The U.S. dairy industry criticized the Mexican government for granting European Union products geographic indicator protections under a free trade agreement that the EU and Mexico have completed.
“We are deeply disappointed that Mexico has limited U.S. access by restricting the use of common food names that have been used in the Mexican market for years,” said Tom Vilsack,the former Agriculture secretary who is president and CEO of the U.S. Dairy Export Council.
“This undermines the rule of law and the value of the market access terms the U.S. has long had in place with Mexico,” Vilsack said.
“While we are pleased that Mexico did not go so far as to grant full market access to the EU for dairy products, Mexico is essentially back-tracking on its mantra of ‘doing no harm’ in the NAFTA context. We hope as the details are hammered out that Mexico carefully weighs the impact of its remaining decisions pertaining to geographical indications (GI) and common names.”
It appears that while Mexico preserved the rights of some common food name users, many key terms were put on the trading block, the U.S. Dairy Export Council, the National Milk Producers Federation and the Consortium for Common Names said in a joint news release.
Cheese names such as parmesan, feta, munster, gorgonzola, asiago, fontina and neufchatel appear to be slated for future restrictions despite long-standing generic use and consumer familiarity of many of these names in Mexico, the U.S. dairy groups said.
Preliminary information on the agreement signals that the U.S. government needs to do even more to ensure that “a bad situation doesn’t become even worse as the final details of the agreement are ironed out,” said Jim Mulhern, president and CEO of the National Milk Producers Federation.
“It is deeply frustrating for U.S. farmers and food manufacturers that the U.S. government has not been able to persuade our closest allies — those in the NAFTA region — to simply honor their existing trade commitments to us,” Mulhern said.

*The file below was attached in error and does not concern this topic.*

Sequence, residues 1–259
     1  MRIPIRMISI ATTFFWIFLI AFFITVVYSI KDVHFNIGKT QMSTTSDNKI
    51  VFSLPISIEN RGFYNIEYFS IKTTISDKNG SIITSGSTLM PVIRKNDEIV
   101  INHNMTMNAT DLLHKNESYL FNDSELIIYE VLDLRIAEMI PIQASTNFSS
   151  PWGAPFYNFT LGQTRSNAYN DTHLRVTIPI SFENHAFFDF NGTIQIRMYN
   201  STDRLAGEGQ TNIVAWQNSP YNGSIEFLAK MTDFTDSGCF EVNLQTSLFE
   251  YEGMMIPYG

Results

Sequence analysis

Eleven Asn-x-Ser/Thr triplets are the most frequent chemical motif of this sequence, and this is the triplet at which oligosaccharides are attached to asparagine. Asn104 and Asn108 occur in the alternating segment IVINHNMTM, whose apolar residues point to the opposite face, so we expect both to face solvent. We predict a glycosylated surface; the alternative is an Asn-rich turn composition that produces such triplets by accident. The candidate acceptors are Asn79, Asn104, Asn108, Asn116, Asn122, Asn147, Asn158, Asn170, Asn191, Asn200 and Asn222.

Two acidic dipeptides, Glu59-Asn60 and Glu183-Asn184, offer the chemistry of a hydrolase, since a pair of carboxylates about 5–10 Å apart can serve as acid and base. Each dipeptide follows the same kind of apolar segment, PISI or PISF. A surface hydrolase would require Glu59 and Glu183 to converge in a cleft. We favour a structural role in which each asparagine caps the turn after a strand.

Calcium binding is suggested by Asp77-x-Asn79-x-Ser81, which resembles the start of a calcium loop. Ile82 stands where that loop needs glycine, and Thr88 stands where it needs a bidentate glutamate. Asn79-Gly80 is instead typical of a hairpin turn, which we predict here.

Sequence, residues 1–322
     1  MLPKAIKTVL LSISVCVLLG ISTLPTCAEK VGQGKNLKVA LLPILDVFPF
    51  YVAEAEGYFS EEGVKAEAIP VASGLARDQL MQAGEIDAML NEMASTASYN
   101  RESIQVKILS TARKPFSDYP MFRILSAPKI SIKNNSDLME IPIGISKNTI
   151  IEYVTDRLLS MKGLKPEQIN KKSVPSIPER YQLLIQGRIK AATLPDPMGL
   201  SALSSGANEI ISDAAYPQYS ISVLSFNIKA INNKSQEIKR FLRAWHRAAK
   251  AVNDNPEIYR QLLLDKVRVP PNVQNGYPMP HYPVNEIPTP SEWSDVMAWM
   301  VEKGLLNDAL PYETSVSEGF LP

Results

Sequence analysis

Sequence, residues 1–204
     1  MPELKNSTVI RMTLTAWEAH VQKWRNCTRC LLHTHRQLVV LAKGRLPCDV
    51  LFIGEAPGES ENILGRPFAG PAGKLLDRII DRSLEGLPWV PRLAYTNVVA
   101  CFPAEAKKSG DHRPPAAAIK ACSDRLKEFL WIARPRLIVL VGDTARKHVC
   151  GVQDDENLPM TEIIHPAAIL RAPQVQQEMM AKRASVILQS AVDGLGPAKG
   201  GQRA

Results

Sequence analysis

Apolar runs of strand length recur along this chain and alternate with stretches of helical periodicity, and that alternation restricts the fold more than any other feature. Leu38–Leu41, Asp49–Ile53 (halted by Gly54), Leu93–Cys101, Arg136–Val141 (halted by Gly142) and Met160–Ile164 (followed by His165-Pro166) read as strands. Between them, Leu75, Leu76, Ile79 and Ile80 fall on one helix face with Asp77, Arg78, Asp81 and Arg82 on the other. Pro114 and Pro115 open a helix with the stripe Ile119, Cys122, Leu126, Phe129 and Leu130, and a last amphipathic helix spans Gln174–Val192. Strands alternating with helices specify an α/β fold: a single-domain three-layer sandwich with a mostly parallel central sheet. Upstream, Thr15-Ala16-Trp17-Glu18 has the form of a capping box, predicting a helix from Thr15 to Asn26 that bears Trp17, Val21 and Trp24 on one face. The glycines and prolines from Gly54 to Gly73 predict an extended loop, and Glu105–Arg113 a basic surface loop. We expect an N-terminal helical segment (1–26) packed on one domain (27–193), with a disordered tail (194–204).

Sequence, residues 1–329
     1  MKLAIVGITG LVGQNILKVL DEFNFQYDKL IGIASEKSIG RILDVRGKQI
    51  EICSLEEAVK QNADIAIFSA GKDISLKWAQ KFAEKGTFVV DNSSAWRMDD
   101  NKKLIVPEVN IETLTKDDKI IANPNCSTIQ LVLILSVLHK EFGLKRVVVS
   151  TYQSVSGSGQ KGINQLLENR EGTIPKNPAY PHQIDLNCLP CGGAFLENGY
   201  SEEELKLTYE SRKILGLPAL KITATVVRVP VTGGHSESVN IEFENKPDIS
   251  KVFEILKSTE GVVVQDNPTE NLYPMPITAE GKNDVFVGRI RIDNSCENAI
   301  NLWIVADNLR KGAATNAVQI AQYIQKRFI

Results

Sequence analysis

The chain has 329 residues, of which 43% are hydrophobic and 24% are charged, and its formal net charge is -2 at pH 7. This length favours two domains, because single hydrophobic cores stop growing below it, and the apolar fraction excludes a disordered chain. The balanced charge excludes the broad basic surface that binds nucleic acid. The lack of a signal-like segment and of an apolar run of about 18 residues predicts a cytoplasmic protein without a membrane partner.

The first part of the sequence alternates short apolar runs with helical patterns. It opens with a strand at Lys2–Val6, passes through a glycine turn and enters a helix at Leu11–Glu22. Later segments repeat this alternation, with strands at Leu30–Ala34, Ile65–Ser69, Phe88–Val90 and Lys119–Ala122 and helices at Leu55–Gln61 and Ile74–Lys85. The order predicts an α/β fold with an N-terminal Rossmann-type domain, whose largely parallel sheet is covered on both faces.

“This means that our exporters now face fewer opportunities for their products, and trading partners are emboldened to see how much further they can push the boundaries of creating nontariff trade barriers.”
The EU obtained exclusive rights for 340 GIs in the Mexico trade agreement, the groups said.
“CCFN is committed to using all legal avenues to continue its work to combat the market restricting impacts of the EU’s efforts,” said Jaime Castaneda, executive director of the Consortium for Common Food Names.
“We are hopeful that the Mexican Congress recognizes that this rogue approach to GIs policy is bad for consumers and ultimately benefits a handful of European producers at the expense of Mexico’s own industry.”
Mulhern added, “There have been no new U.S. agreements initiated that allow us to be the ones shaping the rules of trade. This latest blow is a very hard one for our industry. It makes it absolutely essential that the U.S. administration deliver on our industry’s NAFTA priorities by providing new dairy market access and eliminating trade-distorting dairy pricing classes such as Canada’s Class 7.”
Meanwhile, Copa and Cogeca, the groups that represent European Union farmers and co-ops, said in a joint release that it is “good news that Mexico has agreed to recognize our EU quality and production standards like geographical indications which protect the EU’s quality produce from imitations. As many as 340 EU products will be protected under the deal.”
Copa and Cogeca also said the agreement “shows good balanced trade deals can be reached.”
“We believe that the agreement with Mexico can deliver for both sides provided that the import quotas are managed properly,” said Copa and Cogeca Secretary-General Pekka Pesonen.
“We welcome in particular the increased access to the Mexican market for our quality cheeses, skimmed milk powder, pork, olive oil and wine under this agreement. It is vital to ensure small- and medium-sized enterprises (SMEs) gain market access, especially cooperatives. Red tape in Mexico must be minimized to lower the threshold for SMEs to enter the Mexican market.”
But Pesonnen said he regretted that increased access for Mexican beef to the EU market has been negotiated, saying that “an import quota of 10,000 tons of beef is 10,000 tons too much.”
“Copa and Cogeca will remain vigilant on the higher market access for beef, fruit and vegetables especially in view of the cumulative impact it can have on these sectors,” he said.
Source: The Fence Post